July 22, 2014 3.27 pm This story is over 117 months old

Lincoln market kitchen offers vulnerable people cooking skills

Kitchen skills: A new kitchen in Lincoln’s Central Market will offer free cooking courses to pass on important skills and help vulnerable people.

A new kitchen in Lincoln’s Central Market will offer free cooking courses to pass on important skills and help vulnerable people.

The Market Kitchen, a new venture by Lincolnshire County Council and the City of Lincoln Council, will launch on July 28.

Courses will help people prepare wholesome meals using fresh ingredients from the local traders based in the market.

The venture aims to develop people’s skills in budgeting, shopping for fresh produce, food hygiene and preparation, cooking, nutrition and portion size.

Classes will initially be offered to partners who can relay the training to vulnerable groups and people with health-related issues, learning disabilities, or low incomes.

The tailored courses will be delivered to up to six people at a time and one-to-one support is available.

Eventually it is hoped that the courses can be opened to other community and social groups.

Photo: LCC

Photo: LCC

The fully-functional kitchen is based in three market stalls, contributed rent-free by the city council.

The county council’s public health team has converted two of the stalls into a cooking space and the third allows partner agencies to provide other health-related support.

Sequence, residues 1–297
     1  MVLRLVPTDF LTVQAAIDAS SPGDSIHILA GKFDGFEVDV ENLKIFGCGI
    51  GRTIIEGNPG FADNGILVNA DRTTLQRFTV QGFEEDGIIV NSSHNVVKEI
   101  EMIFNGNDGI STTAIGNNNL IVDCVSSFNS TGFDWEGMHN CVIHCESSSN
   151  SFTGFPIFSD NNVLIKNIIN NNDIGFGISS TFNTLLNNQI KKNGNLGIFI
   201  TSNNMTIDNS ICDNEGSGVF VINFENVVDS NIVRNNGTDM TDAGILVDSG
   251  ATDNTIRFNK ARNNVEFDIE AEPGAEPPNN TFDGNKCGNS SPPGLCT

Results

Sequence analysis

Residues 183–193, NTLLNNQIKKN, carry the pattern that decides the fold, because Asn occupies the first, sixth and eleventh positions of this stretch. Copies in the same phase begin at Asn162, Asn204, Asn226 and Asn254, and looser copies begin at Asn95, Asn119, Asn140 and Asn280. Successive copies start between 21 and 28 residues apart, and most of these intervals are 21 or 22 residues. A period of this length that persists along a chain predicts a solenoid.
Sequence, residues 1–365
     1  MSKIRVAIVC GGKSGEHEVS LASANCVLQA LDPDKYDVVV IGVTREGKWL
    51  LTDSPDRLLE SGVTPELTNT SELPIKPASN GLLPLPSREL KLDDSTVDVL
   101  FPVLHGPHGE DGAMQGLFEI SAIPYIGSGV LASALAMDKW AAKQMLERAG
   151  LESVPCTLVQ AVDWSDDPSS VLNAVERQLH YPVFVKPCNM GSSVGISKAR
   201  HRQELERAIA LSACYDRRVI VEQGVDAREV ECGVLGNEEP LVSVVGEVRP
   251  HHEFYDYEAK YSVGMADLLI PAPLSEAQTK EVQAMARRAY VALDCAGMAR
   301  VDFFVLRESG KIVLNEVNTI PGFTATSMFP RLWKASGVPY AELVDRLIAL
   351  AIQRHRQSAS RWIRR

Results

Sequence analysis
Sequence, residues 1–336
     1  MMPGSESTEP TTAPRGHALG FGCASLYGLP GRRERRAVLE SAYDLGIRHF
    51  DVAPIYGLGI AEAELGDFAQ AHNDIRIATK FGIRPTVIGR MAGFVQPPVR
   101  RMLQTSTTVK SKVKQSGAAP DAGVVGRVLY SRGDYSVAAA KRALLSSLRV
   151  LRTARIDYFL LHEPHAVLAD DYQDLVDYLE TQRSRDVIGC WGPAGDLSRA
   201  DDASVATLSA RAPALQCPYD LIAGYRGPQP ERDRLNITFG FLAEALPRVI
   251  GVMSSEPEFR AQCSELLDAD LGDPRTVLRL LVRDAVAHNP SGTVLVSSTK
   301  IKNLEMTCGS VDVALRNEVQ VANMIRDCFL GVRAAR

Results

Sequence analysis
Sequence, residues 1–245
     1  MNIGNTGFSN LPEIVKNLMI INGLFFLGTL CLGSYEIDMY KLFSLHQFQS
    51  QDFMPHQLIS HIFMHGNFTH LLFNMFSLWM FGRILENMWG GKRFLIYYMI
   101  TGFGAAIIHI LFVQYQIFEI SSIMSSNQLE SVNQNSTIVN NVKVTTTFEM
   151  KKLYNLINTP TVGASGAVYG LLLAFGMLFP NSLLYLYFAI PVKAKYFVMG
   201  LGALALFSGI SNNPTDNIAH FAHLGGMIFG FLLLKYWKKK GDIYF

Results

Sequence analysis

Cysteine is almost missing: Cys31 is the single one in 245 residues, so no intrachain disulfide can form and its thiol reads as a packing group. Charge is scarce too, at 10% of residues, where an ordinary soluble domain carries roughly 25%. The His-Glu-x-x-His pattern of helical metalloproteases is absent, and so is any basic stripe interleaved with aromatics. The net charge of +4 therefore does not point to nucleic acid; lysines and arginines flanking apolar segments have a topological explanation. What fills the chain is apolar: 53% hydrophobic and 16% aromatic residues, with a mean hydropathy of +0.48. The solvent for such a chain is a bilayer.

The Market Kitchen has also received support from the Lincolnshire Co-operative, which has donated £870 in vouchers to purchase dry goods.

Groups such as Weight Watchers, Shine Mental Health Network Lincolnshire and the Lincolnshire Employment Accommodation Project (LEAP) will be the first to use the Market Kitchen.

Councillor Mrs Patricia Bradwell, Executive Councillor for Public Health at the county council, said:”This free advice on making great-tasting, healthy and affordable meals will prove invaluable to people who want to develop their cooking skills, benefitting their health, self-confidence and finances.

“The cooking classes will also help those living with physical or learning disabilities look after themselves and remain independent at home.

“It will support businesses in the area by using local ingredients and produce whilst bringing new footfall to our central market.”

Councillor Donald Nannestad, Portfolio Holder for Recreational Services and Health at the city council, said: “These skills are so important and can really make a difference to a family’s health as well as helping to make budgets stretch that little bit further.”

Once a month, the kitchen will also host the county council’s Early Presentation of Cancer (EPOC) team with information on cancer screening, and health trainers will be on hand to offer body MOTs, encouraging healthy lifestyles.